Ben Fong '18
Can you describe your career path and how it has led to your current work?
I am working towards a career in academia researching and teaching comparative literature, particularly how it pertains to the intersection of Chinese and American cultures and identities. My initial plan at Brandeis was to major in economics and English and pursue a career in consulting back home in China. But as I read, literature spoke to and resonated with me better than economics ever could. I remember in my second year, I had an exceptional sequence of classes close reading The Federalist Papers, The Innocents Abroad, Blood Meridian, and Absalom, Absalom! and I knew I wanted to pursue further study. I applied and was lucky enough to be accepted to study abroad at Oxford for my third year, and I was even more fortunate to return there for my master’s degree in English. I’ve since spent a year working in China developing my interest in Chinese film and literature and am now in my first year of a PhD in comparative literature at UC Davis. I take three seminars per quarter in topics ranging from German films and their English language film posters to early modern print culture and its construction of luxury goods.
What skills that you learned from your time at Brandeis have you found most valuable in your current work?
Brandeis English taught me how to close read, to think critically, to communicate, to research thoroughly, and to learn. Professor Burt and Professor Tharaud put a remarkable amount of time and patience into teaching me how to close read with different lenses, how to approach a text with a range of methodological approaches, and about material texts and special collections. Brandeis English has an environment of interdisciplinary thinking and a breadth of courses that is remarkable. A Brandeis English student can pursue and connect their own research interests to just about anything, and it has been a tremendous help to me given that my research spans multiple languages, periods, and mediums. During my three application years, the continued support and mentorship from my Brandeis Professors were invaluable in my career trajectory.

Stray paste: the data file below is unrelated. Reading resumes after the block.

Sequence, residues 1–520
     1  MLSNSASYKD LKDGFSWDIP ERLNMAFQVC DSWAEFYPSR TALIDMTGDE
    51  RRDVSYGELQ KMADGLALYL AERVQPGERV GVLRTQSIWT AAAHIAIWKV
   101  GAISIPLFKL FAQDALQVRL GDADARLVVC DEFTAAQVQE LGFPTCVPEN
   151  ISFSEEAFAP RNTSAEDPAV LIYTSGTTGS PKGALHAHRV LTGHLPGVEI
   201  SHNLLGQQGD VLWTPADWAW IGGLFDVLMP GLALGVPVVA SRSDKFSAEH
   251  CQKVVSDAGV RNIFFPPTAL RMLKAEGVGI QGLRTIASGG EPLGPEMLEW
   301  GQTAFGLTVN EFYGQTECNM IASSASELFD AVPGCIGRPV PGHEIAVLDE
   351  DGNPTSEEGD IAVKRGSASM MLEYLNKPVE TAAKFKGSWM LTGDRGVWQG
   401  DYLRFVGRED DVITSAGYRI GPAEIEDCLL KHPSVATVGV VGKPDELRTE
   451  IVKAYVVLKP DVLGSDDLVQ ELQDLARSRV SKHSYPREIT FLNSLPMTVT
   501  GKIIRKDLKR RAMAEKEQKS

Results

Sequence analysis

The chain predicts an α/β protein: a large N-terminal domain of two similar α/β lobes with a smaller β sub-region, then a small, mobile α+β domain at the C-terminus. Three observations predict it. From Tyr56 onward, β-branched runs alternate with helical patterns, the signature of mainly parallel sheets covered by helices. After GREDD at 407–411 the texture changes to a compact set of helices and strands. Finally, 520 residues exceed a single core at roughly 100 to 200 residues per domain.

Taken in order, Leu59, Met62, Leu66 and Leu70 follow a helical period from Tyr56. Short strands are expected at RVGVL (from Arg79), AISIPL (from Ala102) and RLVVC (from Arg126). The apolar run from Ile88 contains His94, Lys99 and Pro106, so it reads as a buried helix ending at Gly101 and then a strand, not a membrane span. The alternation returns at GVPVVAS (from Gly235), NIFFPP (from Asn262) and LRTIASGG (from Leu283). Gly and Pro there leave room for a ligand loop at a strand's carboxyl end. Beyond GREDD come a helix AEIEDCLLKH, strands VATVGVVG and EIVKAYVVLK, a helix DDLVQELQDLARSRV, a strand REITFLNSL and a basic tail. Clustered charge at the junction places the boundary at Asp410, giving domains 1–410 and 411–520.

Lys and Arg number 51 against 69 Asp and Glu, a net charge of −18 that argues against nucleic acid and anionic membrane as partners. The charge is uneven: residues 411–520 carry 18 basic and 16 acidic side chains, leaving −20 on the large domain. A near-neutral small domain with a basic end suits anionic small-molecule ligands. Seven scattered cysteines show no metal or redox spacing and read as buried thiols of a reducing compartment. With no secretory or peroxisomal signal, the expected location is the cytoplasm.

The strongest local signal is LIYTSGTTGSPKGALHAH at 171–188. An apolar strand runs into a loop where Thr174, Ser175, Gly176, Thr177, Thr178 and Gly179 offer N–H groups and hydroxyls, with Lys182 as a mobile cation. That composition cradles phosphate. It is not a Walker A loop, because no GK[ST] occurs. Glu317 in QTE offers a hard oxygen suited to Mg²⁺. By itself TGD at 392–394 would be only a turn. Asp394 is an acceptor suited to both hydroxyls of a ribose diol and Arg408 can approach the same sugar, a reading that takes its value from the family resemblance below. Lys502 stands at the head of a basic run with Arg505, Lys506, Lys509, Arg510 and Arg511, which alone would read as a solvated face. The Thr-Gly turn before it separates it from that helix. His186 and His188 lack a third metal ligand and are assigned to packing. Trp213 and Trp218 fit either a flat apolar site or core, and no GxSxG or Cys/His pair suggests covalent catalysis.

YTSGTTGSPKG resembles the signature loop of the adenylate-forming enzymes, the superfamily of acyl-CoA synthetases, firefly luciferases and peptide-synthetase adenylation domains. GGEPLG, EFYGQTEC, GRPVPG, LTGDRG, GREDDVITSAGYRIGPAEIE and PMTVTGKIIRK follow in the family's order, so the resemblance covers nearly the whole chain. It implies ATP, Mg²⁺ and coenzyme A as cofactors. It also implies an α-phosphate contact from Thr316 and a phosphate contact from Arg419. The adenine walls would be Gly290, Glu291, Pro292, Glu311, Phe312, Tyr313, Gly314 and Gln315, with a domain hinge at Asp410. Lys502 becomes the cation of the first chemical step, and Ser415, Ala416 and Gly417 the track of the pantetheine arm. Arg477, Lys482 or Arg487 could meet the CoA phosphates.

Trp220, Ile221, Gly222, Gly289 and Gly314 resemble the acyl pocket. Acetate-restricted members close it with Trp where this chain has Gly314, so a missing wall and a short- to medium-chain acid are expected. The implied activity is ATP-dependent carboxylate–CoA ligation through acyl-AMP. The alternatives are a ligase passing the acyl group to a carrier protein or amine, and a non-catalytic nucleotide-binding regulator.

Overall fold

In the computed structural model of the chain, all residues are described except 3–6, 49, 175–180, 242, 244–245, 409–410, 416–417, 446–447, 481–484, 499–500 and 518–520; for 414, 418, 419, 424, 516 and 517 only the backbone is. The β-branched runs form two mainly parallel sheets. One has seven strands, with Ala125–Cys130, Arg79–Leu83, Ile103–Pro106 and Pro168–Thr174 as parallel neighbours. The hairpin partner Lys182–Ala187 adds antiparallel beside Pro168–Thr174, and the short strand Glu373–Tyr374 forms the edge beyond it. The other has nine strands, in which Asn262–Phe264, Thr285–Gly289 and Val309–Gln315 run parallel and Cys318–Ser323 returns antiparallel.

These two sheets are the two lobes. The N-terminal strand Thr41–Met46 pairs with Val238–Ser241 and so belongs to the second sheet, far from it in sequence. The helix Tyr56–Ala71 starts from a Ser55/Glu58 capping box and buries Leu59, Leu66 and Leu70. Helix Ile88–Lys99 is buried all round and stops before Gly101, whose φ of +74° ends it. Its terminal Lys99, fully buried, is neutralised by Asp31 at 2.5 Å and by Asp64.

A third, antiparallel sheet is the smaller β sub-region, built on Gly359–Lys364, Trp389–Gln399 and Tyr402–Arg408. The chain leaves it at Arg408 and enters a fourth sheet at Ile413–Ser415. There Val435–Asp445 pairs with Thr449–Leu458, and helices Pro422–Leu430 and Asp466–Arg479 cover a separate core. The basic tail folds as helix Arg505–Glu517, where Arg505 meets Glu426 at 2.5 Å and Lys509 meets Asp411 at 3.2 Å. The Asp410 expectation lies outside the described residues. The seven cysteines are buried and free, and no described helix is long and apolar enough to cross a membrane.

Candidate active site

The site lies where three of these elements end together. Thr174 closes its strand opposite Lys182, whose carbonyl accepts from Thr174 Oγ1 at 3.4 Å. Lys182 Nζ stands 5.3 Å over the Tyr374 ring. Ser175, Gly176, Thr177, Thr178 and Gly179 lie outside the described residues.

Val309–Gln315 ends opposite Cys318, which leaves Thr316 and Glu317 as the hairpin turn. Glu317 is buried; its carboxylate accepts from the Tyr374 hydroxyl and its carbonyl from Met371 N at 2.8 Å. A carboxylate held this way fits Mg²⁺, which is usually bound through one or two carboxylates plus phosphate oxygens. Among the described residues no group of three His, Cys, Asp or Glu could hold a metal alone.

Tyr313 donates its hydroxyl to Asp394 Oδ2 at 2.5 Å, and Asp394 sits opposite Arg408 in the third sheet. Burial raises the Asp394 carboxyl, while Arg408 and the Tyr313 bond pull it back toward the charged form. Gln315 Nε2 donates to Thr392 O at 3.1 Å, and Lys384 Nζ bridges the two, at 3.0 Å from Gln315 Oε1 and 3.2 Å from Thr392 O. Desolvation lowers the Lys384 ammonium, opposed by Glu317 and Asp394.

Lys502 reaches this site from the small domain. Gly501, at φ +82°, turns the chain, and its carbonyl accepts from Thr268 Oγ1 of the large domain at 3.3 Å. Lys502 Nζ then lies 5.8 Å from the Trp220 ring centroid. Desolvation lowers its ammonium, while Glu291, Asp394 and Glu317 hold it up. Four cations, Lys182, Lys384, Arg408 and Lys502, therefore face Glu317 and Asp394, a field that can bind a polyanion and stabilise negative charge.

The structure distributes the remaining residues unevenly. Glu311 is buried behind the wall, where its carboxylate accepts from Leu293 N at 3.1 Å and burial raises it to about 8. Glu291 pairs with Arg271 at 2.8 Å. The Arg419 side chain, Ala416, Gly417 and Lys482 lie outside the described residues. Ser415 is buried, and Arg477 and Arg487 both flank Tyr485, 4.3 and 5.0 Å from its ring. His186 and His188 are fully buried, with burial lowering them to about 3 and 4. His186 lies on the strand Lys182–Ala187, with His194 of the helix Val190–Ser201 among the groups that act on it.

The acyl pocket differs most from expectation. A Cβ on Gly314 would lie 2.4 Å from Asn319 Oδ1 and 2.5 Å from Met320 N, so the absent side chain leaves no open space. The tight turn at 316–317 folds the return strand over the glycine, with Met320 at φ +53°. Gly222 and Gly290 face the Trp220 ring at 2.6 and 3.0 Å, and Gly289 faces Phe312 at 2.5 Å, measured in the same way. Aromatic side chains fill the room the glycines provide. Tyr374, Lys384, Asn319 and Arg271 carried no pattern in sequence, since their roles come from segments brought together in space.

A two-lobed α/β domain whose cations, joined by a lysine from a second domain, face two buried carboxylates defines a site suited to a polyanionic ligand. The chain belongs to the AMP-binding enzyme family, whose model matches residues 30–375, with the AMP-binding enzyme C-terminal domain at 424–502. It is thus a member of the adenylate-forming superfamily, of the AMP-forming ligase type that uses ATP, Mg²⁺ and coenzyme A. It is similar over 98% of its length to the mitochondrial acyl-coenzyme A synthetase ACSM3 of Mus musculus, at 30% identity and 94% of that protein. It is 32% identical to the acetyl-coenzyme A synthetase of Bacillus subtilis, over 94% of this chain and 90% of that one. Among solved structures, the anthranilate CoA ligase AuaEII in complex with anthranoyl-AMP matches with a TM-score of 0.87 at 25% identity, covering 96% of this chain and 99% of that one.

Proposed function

What advice do you have for current students as they embark on their career exploration or job search?
If you are considering academia, ask your mentor about the current job market. It is an important conversation to have. Do due diligence, plan your next six years, and envision a backup plan. If you’re unsure, take a year, or two, or ten, to grow your skills in the job market. Academia will always be there. For those not considering academia, there are a lot of different avenues that English majors can take to get into the workforce. Because of the breadth of possibility, it can be overwhelming to start looking for internships, especially when you don’t know what you’re looking for. I think it’s best to think of internships as Brandeis’ course catalogue. An internship is the shopping period, a job is a class, a career is a major. It’s good to try a lot of new things, because you never know when you might find the right class or professor